Way more important than reading and math.

The Art of Winning


Winning is everything. 

At this point, you are likely thinking one of three things:

a) I disagree. You must be one of those crazed football fans who paints a letter on his chest. (NO, I’m not!)

b) I agree. When can we go to a game together? (Sorry, I’m already committed to several seasons per year.)

c) I don’t know what you mean. (Read on.)IMG_0514 (1)

It is human nature to be competitive.  I think everyone wants to “win” at something. Even the people who claim they don’t care about winning have goals and standards for themselves, that when measured against other peoples’ lives, prompt feelings of anxiety or self-congratulation. If you’ve gotten this far in my blog, you probably think so, too, even if you don’t play Monopoly. (But you should. Who doesn’t enjoy a rousing game of Monopoly?)

Here’s why I think this is true. If competition weren’t a powerful tool, teachers wouldn’t give spelling bees, parents wouldn’t reward good behavior, employers wouldn’t offer incentives, free market enterprise wouldn’t succeed, and the American Dream wouldn’t motivate anyone to buy more or work longer. Introverts wouldn’t set secret goals and reach them. Extroverts wouldn’t share their goals with the world and re-adjust them when the endeavor looks unlikely to succeed. List-makers (like me!) wouldn’t add items to their lists after I’ve completed them, just for the sheer joy of checking things off. (I can’t wait to check this blog off by posting it!)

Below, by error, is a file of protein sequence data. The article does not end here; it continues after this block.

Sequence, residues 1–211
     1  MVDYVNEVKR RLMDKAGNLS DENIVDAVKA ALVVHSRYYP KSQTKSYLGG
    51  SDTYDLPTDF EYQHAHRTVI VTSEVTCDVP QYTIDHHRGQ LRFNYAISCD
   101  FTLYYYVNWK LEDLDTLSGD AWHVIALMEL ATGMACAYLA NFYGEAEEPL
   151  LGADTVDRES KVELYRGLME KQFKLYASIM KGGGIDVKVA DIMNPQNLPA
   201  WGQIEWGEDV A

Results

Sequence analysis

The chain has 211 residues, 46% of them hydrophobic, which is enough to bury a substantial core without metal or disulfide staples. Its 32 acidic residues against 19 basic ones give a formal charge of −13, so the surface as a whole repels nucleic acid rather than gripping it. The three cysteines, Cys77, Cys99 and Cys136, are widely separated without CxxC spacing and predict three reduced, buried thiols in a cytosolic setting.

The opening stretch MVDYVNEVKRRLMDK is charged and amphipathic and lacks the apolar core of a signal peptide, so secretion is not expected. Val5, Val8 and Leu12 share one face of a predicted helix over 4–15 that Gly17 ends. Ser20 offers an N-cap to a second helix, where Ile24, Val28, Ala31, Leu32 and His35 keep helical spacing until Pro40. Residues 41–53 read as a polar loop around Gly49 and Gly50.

Competition is powerful. Whether you compete with yourself or someone else, the drive to progress, succeed, and yes, even win, powers at least some of your daily activities. If I had a dollar for every conversation I’ve endured when another parent is listing off the accomplishments of her child–I’d be rich. You know that parent. And you know the internal struggle: do I start talking about my kid’s accomplishments, or should I just listen? (Who’s going to win this?) On second thought, maybe all those people are just sharing because they assume I’m incredibly interested, and maybe I’m the self-absorbed competitor. Okay, so maybe this blog is just for me.

I am competitive. I admit it. I love any kind of board game or card game.  I love watching sporting events, which is good, since I live in a house of 4 crazed sports enthusiasts. (Actually, I can’t think of any family vacation that we have taken that didn’t involve doing sports and/or going to a sporting event.)  I want to do well at work, at home, and at church. So does that mean I want to “beat” people everywhere I go?

Of course not. You don’t have to make the proverbial climb over co-workers or shout obscenities at a referee to prove there’s a drive within the human spirit that must accomplish a task, achieve “perfection,” or receive recognition. We all want to be noticed and appreciated. And when we don’t receive that “pat on the back,” then we begin the comparison game.